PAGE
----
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One of Newcastle's historic parks

Armstrong Park

Armstrong Park was gifted to the people of Newcastle by Lord Armstrong in 1883. Made up of mature woodland, steep valleys and grassland areas, you will discover many historic features hidden within the park.

Overview

This historic park on the East bank of the Ouseburn Valley is recorded in the Ancient Woodland inventory with many oak, elm, beech, ash and sycamore trees. The park is well connected to Jesmond Dene and Heaton Park by a good network of paths, making it popular for dog walking and informal exercise. The tennis and basketball courts and bowling green are well used and the play area is popular with families or there are plenty of grassy open spaces to burn off some energy.

The post medieval watermill was restored in 2011 using Heritage Lottery Funding. And make sure you discover King John’s Well – thought to once be a medicinal spring for King John’s Palace (the remains of which can still be seen in Heaton Park).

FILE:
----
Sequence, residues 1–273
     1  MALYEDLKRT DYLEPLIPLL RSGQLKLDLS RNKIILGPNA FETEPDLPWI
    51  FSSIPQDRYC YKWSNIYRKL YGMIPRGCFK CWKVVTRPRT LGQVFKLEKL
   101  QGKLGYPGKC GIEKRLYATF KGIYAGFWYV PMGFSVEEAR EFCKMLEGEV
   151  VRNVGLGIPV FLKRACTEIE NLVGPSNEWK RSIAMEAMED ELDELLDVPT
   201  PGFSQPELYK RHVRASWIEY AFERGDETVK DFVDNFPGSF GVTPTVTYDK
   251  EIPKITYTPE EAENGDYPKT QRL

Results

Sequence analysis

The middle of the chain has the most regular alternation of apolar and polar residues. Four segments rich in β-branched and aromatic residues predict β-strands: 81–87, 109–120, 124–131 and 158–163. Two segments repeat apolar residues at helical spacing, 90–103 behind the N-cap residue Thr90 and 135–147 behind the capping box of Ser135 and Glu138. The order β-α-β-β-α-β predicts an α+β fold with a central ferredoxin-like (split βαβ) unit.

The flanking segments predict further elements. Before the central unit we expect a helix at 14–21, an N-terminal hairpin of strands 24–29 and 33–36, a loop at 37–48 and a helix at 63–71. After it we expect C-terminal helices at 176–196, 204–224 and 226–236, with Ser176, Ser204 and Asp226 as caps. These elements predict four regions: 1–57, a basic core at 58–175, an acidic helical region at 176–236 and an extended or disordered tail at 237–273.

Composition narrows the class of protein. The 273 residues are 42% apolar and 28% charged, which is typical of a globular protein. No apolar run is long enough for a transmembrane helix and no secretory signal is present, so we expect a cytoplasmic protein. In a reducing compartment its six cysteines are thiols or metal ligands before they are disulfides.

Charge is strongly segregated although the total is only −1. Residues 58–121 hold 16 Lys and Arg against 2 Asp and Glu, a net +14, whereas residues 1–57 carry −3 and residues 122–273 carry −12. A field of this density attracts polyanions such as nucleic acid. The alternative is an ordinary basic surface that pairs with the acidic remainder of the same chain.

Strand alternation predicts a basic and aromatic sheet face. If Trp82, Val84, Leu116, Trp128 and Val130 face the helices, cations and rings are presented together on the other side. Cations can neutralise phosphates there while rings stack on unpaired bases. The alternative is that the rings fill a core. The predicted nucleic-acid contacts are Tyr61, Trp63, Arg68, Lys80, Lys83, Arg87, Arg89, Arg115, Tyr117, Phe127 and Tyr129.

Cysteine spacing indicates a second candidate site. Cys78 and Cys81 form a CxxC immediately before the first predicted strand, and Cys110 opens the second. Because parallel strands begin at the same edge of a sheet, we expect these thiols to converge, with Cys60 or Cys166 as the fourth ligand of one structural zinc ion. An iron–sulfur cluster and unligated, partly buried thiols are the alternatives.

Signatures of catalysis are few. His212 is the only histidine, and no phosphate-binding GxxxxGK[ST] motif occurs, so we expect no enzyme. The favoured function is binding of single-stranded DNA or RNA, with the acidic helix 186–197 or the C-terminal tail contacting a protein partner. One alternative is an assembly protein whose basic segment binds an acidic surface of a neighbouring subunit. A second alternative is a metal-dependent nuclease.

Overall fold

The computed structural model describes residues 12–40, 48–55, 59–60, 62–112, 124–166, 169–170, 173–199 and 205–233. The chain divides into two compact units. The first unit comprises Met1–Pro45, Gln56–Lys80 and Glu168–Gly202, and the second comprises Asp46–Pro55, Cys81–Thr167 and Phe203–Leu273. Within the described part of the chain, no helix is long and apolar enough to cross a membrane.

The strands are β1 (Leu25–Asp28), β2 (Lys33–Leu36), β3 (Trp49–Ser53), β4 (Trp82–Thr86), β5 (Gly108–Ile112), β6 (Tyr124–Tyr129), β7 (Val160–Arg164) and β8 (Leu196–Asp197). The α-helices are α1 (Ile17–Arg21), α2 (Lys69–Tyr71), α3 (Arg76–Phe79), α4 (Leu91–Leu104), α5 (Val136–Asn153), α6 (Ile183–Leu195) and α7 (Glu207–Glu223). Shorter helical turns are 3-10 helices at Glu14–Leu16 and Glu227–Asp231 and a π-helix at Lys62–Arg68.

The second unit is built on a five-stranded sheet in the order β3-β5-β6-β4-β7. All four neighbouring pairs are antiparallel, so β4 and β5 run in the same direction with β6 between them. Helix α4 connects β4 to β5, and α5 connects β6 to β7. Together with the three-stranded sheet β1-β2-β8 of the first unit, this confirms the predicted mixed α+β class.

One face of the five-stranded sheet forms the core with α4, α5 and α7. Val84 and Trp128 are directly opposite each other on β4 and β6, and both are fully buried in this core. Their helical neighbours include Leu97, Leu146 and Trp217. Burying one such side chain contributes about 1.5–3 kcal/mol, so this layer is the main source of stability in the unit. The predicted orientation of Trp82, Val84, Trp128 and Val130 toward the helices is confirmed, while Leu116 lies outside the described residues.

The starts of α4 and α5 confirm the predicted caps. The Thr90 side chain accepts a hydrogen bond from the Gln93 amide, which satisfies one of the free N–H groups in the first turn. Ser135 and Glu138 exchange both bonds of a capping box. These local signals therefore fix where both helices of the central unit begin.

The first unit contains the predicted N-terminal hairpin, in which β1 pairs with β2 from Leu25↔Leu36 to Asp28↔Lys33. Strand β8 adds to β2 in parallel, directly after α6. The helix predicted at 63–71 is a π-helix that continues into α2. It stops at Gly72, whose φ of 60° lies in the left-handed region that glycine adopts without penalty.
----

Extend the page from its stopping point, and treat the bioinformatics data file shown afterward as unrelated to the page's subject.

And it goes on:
Did you know...?

The Shoe Tree in Armstrong Park has been a popular landmark for generations of Newcastle students celebrating the end of their exams.

Plan a day out

Heaton Road / Heaton Park Road

There are pathways throughout the park that are suitable for prams or wheelchairs.

Discover the historic features of the park or enjoy a game of tennis or basketball with friends

The play areas and open spaces are great fun for burning off some energy

The nearest car parking is at Heaton Park, Jesmond Dene or the eastern end of Armstrong Bridge

Pack a picnic or grab a bite to eat at nearby Jesmond Dene or Heaton Park

There are no toilets within the park. The nearest toilets are in Jesmond Dene Visitor Centre or Heaton Park Pavilion

How to get here

 

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